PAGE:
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Speeches of His Majesty Kamehameha IV. To the Hawaiian Legislature

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Title: Speeches of His Majesty Kamehameha IV. To the Hawaiian Legislature Author: Kamehameha IV Release Date: August 31, 2008 [EBook #26501] Language: English Character set encoding: ISO-8859-1 *** START OF THIS PROJECT GUTENBERG EBOOK SPEECHES OF KAMEHAMEHA IV ***  
Produced by Carla Foust and the Online Distributed Proofreading Team at http://www.pgdp.net (This book was produced from scanned images of public domain material from the Google Print project.)
Transcriber's note Minor punctuation errors have been corrected without notice. Several words were spelled in two different ways and not corrected; they are listed at the end of this book. A few obvious typographical errors have been corrected, and they are indicated with a mouse-hover and are also listed at theend.
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DECEMBER8, 1854. The last Public Proclamation made by His late Majesty King Kamehameha III. PROCLAMATION.
Whereas, It has come to my knowledge from the highest official sources, that my Government has been recently threatened with overthrow by lawless violence; and whereas the representatives at my Court, of the United States, Great Britain and France, being cognizant of these threats, have offered me the prompt assistance of the Naval forces of their respective countries, I hereby publicly proclaim my acceptance of the aid thus proffered in support of my Sovereignty. My independence is more firmly established than ever before.
KEONIANA. PALACE, 8th December, 1854. By the King and Kuhina Nui.
DECEMBER15TH, 1854. Public Proclamation of the Succession To the Throne of His Majesty Kamehameha IV.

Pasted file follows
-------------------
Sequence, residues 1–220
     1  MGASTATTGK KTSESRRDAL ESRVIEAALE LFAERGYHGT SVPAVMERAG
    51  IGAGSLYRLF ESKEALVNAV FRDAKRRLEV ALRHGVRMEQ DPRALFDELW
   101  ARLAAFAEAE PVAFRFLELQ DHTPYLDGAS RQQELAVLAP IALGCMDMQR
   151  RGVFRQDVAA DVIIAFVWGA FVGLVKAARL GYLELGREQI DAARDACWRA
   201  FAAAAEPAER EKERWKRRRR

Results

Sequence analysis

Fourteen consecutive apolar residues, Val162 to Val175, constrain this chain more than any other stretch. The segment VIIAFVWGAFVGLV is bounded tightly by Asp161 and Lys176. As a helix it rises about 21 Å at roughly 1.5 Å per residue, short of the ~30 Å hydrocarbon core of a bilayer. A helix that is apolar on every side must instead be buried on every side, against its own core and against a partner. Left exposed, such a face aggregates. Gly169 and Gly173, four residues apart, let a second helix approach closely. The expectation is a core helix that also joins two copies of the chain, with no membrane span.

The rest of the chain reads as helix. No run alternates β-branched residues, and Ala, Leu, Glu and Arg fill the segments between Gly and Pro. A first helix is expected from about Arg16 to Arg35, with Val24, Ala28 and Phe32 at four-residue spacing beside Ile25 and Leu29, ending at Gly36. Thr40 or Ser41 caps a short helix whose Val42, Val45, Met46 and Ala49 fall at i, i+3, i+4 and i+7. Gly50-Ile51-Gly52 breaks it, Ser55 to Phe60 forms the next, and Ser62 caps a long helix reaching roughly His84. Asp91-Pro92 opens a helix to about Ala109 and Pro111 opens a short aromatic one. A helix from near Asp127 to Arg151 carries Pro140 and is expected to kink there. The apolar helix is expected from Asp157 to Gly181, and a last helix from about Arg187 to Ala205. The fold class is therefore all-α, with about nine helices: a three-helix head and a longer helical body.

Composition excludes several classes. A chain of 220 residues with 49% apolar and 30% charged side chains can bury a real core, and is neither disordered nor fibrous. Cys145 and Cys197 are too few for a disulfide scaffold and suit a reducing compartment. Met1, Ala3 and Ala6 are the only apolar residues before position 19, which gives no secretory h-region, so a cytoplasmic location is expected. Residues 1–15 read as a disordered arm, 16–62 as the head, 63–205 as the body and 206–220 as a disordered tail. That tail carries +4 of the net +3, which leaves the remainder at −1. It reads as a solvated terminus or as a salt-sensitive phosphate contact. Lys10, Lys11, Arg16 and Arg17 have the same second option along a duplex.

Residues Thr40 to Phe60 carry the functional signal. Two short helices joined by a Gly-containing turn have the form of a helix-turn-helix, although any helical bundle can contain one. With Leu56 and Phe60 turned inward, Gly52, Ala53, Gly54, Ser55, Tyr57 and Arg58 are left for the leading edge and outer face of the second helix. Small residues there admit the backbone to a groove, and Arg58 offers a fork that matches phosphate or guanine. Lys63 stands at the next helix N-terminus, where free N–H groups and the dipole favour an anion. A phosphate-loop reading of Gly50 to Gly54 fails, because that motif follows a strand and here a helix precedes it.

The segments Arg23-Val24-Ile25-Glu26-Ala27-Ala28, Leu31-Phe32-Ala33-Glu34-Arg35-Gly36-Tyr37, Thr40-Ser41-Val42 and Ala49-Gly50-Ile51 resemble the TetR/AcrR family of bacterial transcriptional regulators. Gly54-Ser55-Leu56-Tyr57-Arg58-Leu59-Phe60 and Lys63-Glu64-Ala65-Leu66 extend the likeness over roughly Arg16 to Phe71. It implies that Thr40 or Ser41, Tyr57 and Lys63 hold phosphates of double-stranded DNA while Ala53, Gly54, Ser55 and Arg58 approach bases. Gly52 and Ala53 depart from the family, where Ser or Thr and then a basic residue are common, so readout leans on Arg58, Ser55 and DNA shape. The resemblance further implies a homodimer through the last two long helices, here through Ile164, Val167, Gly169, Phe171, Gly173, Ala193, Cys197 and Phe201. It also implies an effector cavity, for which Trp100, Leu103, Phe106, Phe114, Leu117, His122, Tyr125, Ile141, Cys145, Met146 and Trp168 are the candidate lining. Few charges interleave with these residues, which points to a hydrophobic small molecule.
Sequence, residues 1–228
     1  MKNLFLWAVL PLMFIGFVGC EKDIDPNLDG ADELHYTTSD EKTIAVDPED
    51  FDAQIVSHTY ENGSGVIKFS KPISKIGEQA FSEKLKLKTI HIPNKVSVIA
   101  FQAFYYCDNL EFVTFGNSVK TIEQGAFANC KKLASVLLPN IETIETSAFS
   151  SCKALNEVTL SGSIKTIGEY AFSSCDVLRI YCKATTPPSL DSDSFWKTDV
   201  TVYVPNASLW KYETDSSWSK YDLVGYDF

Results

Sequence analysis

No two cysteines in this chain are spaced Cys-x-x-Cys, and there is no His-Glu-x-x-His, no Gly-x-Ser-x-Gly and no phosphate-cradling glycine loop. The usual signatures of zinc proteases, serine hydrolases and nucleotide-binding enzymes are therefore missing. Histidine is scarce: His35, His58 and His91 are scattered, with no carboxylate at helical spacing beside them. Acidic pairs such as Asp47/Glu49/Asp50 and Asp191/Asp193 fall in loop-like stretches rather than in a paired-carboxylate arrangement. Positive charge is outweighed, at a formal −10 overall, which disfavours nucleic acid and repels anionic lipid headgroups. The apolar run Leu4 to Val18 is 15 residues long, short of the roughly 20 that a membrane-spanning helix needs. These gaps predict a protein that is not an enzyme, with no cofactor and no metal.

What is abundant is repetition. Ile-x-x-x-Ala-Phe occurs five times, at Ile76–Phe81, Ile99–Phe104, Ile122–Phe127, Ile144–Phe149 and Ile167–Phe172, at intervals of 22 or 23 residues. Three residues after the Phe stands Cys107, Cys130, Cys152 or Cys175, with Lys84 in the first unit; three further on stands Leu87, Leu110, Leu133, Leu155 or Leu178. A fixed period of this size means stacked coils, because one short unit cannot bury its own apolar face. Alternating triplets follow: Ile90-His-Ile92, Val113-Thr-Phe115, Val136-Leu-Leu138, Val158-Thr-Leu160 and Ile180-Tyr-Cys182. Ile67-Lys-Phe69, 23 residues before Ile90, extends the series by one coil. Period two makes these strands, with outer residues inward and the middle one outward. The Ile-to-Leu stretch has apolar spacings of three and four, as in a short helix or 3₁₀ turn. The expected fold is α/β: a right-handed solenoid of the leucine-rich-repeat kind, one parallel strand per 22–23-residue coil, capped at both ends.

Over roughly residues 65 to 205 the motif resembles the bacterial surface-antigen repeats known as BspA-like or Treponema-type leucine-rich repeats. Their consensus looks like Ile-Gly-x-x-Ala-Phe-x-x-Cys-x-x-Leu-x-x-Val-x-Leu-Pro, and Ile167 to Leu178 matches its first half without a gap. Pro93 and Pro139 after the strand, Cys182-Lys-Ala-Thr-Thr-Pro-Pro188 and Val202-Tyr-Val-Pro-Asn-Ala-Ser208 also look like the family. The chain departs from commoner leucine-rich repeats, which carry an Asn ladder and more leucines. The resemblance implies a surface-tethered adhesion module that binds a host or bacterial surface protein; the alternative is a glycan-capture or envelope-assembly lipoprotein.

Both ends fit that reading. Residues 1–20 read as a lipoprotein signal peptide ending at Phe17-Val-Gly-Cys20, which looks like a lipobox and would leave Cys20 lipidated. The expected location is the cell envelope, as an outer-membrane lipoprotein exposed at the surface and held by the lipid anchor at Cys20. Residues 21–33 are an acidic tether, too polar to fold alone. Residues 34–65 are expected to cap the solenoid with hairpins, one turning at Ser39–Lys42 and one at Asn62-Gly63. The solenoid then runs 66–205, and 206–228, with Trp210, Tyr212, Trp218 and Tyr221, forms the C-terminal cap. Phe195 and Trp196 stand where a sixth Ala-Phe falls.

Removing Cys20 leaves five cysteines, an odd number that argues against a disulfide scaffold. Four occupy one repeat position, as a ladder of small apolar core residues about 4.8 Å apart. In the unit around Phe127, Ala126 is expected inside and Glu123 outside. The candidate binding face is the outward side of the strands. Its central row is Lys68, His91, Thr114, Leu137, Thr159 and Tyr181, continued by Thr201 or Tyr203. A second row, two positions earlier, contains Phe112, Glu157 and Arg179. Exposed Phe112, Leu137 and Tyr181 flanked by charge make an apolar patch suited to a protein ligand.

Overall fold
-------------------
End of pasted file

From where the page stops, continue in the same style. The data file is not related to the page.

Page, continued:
Whereas, It has pleased Almighty God to remove from this world our beloved Sovereign, His late Majesty, Kamehameha III.; and whereas, by the will of His late Majesty, and by the appointment and Proclamation of His Majesty and of the House of Nobles, His Royal Highness, Prince Liholiho, was declared to be His Majesty's Successor. Therefore, Public Proclamation is hereby made, that Prince Alexander Liholiho is KING of the Hawaiian Islands, under the style of KAMEHAMEHAIV . God preserve the King. KEONI ANA, Kuhina Nui.
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His Majesty's Address to His Privy Council of State in reply to their Condolences over the Death of His late Majesty Kamehameha III.
CHIEFS:—I have become by the Will of God, your Father, as I have been your Child. You must help me, for I stand in need of help. To you Ministers, and other high officers of State of Our late King, I return my sincere thanks for the expressions of condolence with which you have this morning comforted me. I request of you to continue your labors, in the several positions you have hitherto held, until when my grief shall have allowed me time for reflection, I make such new arrangements as shall seem proper. I thank the Members of this Council, in general for their condolence, who will, also, I hope, assist me with their advice, as though they had been appointed by myself.